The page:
Excursions for English-speaking school classes (Week of the Czech Academy of Sciences)
As part of the Week of the Czech Academy of Sciences at IOCB, we offer excursions to our labs for English-speaking school classes (for students 13+).
School groups are welcome to come visit our laboratories on Friday, 4 November from 9am to 12pm.
If you are interested in a program for Czech-speaking schools, please go here.
Other events of the Week of the Czech Academy of Sciences at IOCB Prague can be found here.
Excursions are intended for students ages 13 and older (8th grade of elementary school and 3rd grade of 8-year high schools).
For safety and practical reasons, a maximum of 12 students with a teacher (13 persons in total) may participate in each presentation. If you are planning to come with a larger group of students, please divide them into several smaller groups and book a separate program for each group; the groups can then swap programs to ensure everyone sees the same presentations.
- You can book the program for your class
here. [REGISTRATION IS CLOSED]
Colors helping scientists
How do you know when a berry is ripe and safe to eat and which ones should be left alone? Or how can you tell a red amanita mushroom from a penny bun at a distance? By color, or course. Scientists also use light and color to make scientific discoveries. In our lab, you'll see smart chemicals that change color to show us what’s going on at the molecular level.
Developing a new drug is neither an easy nor a quick process. Where does one begin? What criteria must a molecule meet in order to become a drug? Together we’ll take a close look at the process of developing a drug.
Fluorescence in action
Fluorescence is the ability of molecules to emit colored light. The phenomenon often accompanies scientists in their first steps on the path to developing new drugs, most often those targeting enzymes, i.e. molecular machines that catalyze chemical reactions in living organisms. In our laboratory, you can see with your own eyes how we use fluorescence to purify enzymes and test potential drugs.
Microscopy and microscopes
The history of microscopes, from Leeuwenhoek to the present day.
Neurosteroids in health and disease
Neurosteroids are synthetic derivatives of naturally occurring steroids that play important role in physiology and disease. We’ll explain the difference between steroids that act as hormones (estradiol, testosterone) and neurosteroids that can be used as drugs for treatment of various diseases of the central nervous system. We’ll also talk about neurosteroid allopregnanolone, the first-in-class drug approved in 2019 for treatment of postpartum depression and other novel neurosteroids currently being tested in various human clinical trials.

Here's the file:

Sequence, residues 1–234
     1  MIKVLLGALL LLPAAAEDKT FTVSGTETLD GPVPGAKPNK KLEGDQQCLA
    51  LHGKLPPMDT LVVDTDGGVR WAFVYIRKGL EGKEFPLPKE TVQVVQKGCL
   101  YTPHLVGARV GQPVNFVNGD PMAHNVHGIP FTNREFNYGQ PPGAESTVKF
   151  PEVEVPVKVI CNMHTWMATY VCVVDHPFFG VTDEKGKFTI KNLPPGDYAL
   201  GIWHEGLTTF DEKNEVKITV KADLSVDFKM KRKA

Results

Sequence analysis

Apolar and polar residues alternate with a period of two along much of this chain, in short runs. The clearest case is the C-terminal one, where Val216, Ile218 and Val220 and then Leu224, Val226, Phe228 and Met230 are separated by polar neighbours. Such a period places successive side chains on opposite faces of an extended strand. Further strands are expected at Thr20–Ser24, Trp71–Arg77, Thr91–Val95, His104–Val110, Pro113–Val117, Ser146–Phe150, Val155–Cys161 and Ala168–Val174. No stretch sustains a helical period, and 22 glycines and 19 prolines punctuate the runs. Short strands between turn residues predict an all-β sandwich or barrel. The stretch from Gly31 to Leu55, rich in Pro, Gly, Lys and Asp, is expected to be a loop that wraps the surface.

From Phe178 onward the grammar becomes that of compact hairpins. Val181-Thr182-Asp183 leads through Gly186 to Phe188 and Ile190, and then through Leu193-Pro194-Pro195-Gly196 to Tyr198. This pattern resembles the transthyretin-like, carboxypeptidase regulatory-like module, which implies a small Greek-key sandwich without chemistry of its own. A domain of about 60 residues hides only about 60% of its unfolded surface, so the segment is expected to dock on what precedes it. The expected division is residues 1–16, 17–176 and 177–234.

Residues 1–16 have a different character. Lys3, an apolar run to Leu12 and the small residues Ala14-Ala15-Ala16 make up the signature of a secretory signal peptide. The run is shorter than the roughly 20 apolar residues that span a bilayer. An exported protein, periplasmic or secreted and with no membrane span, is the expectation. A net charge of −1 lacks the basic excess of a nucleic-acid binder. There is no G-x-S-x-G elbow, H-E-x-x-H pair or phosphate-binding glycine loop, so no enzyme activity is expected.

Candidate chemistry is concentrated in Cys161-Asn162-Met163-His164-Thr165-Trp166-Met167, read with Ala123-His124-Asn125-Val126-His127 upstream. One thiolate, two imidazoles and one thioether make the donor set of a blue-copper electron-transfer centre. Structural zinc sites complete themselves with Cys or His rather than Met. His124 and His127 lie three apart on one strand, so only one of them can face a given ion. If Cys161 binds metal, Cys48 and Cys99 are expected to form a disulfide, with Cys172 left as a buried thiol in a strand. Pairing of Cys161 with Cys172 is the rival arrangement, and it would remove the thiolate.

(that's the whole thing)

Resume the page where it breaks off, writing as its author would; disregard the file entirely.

The secrets of elements
Have you ever wondered if your gold ring is truly made of gold? In our laboratory, you’ll see methods that can answer that question. Methods for investigation of elemental composition often use light or radiation. When samples are excited using X-rays, a flame, or even argon plasma hotter than the surface of the Sun, they emit a characteristic radiation that contains information on the elements present in the sample and their amounts. Come and be excited too!
The world of RNA vaccines
How do cells use basic mechanisms to fight infectious diseases? RNA molecules play many important roles in cells, one of the best known of which is the transfer of genetic information from DNA to the part of the cell where protein synthesis occurs. The molecules function like an imaginary recipe in a huge DNA cookbook, and it’s likely that RNA played a key role in the origin of life on Earth. Moreover, these natural molecules can easily be prepared under laboratory conditions. The fact that RNA is intrinsic to the body and that a suitable recipe for synthetizing any protein can be written into it offers great hope for the development of gentle and effective next-generation vaccines. Come and learn more about these exciting molecules!
The oldest social insects and their extraordinary chemical world
In ancient prehistory, in the shadow of the dinosaurs, the first termite mounds began to grow. These creatures, at first sight seemingly insignificant, gradually came to occupy the entire tropical zone, where they assumed the role of main wood decomposer. For over a hundred million years in their dark world, termites have perfected communication through scents, invented ever new chemicals for their military arsenal, and even laid the foundations of agriculture by growing mushrooms. Thanks to their resilience, they’ve survived every catastrophe, and today they keep our planet’s forests functioning properly. Come and see their fascinating world, in both our simulated rainforest and our ethology lab.
When we say DNA, most of us probably imagine a nice double-helix and think about genes. But DNA also has other less traditional functions, and those are what our lab focuses on. In fact, we consider them so interesting that we want to make them famous. During our session, we’ll show you how we find short specific DNA sequences capable of triggering chemical reactions. Moreover, you’ll get to prepare some of the reactions with your own two hands and observe their progression using several of the techniques that we routinely apply in our research.
Viruses: knowing the enemy
We’ll introduce the most interesting viruses in the world and talk about the laboratory and personal safety procedures when working with hazardous viruses. We’ll also show you a video from a bio-safety level 3 laboratory, where we work with viruses and search for new therapeutics to combat viral diseases.